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Program History
Program History

​​​​​1999: The Resource Stewardship Section of State Parks was created to perform biological and GIS work on Park lands with Rob Billerbeck hired to staff this new section.  1999-2005: Baseline inventories performed of natural resources at state parks and the implementation of a statewide GIS infrastructure was a main objective of this program.

  • The Stewardship Process was implemented for each park resulting in a park specific Stewardship Plan based on field inventories and historical data.

  • GIS surveys of natural resources (weeds, rare plants, raptor nests) and man-made features (trails, facilities, picnic sites) were mapped and continue to be updated at each Park.

2002: The Fuels Mitigation Project launched to reduce the risk of large wildfires.  In cooperation with the State Forest Service, over 900 acres have been treated and over 8,000 acres are planned for future projects.

2004: The Colorado Natural Areas Program (CNAP) was moved under the leadership of Rob Billerbeck, along with the Stewardship and Fuels Programs.  Also added to the responsibilities of the Stewardship Program is the Threatened and Endangered Species development review process.

2005: Elizabeth Brown hired as Resource Stewardship Coordinator and Brian Kurzel hired as Natural Areas Coordinator.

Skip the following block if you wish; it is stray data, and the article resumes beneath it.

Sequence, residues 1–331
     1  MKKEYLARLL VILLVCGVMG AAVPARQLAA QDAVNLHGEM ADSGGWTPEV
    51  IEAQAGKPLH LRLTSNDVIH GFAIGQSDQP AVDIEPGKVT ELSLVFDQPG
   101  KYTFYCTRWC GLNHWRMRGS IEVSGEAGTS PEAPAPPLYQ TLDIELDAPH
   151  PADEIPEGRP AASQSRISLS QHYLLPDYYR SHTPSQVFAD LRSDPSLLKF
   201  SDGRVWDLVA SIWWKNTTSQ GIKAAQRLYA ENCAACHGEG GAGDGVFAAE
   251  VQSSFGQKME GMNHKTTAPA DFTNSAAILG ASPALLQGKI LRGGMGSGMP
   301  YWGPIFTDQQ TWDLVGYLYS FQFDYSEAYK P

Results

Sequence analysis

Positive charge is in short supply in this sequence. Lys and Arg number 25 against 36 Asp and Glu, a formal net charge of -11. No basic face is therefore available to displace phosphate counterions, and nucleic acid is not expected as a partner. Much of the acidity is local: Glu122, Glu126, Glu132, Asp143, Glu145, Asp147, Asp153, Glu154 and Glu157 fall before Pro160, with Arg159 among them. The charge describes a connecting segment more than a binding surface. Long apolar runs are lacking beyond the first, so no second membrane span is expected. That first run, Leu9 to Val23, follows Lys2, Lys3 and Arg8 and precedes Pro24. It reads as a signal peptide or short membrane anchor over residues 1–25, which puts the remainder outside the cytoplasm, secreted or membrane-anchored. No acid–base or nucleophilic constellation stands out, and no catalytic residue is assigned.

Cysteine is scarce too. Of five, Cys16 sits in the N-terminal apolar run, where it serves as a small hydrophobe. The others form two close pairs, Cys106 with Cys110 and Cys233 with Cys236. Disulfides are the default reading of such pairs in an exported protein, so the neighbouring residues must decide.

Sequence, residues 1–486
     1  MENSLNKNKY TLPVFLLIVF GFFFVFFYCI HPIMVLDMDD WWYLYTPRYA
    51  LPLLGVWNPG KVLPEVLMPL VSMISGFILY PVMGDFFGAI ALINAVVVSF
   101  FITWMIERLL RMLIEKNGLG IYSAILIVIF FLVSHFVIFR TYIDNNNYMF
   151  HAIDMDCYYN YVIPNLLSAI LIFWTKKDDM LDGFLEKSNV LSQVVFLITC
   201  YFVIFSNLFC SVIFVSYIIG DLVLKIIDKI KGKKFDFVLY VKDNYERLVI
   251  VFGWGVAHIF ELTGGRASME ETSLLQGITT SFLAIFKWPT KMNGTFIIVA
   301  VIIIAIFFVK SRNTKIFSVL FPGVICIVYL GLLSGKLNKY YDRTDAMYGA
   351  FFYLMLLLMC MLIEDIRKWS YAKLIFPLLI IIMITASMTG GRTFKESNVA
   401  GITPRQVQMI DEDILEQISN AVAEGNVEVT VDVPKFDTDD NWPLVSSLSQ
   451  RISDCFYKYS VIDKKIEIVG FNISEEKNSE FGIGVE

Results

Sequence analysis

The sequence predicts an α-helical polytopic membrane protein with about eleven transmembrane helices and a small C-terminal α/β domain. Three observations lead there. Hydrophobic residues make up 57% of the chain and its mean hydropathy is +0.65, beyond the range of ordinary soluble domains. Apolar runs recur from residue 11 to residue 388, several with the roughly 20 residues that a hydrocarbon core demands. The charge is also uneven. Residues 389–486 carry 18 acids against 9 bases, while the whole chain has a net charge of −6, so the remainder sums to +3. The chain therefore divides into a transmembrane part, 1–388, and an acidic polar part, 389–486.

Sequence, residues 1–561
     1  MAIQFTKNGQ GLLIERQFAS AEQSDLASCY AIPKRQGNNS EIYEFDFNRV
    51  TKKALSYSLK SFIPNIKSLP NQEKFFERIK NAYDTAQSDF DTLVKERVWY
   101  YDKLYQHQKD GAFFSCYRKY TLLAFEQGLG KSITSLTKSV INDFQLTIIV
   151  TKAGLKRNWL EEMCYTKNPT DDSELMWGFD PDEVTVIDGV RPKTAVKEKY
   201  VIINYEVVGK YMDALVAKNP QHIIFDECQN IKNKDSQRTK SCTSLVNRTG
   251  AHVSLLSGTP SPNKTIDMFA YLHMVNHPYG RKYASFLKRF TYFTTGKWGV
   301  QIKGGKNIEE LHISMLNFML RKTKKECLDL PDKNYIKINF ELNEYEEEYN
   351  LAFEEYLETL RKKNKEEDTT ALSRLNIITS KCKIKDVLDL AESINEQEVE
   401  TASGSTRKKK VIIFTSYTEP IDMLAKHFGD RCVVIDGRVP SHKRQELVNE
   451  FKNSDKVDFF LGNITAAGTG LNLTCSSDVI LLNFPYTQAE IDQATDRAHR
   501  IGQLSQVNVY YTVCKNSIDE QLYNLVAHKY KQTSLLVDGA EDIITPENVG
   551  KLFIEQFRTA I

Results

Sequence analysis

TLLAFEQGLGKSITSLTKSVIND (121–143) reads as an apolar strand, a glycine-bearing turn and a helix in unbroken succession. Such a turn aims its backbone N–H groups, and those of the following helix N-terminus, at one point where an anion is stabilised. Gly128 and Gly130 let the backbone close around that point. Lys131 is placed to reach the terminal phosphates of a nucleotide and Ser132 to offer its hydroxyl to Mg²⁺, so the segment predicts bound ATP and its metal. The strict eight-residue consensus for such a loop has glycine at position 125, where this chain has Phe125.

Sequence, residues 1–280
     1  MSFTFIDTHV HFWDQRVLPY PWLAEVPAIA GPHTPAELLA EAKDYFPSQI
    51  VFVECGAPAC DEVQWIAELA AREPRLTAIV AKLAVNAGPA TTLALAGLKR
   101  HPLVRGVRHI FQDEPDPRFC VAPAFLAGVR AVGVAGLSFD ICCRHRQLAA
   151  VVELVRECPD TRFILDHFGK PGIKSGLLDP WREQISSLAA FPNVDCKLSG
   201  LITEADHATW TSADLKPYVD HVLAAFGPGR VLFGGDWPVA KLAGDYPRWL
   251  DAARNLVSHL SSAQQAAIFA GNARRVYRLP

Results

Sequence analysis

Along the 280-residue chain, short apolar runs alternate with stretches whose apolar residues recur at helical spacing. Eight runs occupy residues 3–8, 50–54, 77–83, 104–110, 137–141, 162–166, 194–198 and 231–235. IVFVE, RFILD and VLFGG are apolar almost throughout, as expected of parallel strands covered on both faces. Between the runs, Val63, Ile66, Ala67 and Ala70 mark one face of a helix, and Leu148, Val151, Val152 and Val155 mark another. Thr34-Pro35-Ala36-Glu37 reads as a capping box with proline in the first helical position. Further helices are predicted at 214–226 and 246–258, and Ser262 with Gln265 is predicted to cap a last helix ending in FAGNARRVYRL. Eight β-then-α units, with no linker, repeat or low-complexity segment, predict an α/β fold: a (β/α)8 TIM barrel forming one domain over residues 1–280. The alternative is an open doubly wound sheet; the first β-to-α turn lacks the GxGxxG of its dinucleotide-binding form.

2005 - Present: Stewardship Plans and GIS mapping remain a high priority for the section.  The final two Stewardship Plans will be written in the 2007-08 season and go to an editing phase beginning in 2008-09.

  • Noxious weed management and restoration activities continue to be a top priority for Stewardship and Parks.

  • A Statewide Aquatic Nuisance Species coordination effort is added to the suite of program activities with new invaders such as Eurasian watermilfoil and New Zealand Mud Snail entering Colorado borders.  Zebra mussels first appeared in Colorado in January 2008 and Parks is rapidly responding to this new threat. 

  • State Parks Volunteer Raptor Monitoring Program is active at eight parks and is expanding to new parks.  The program results in nest mapping, detailed bi-weekly nest monitoring and migration monitoring within parks.

  • CNAP continues to grow and provide leadership for plant conservation.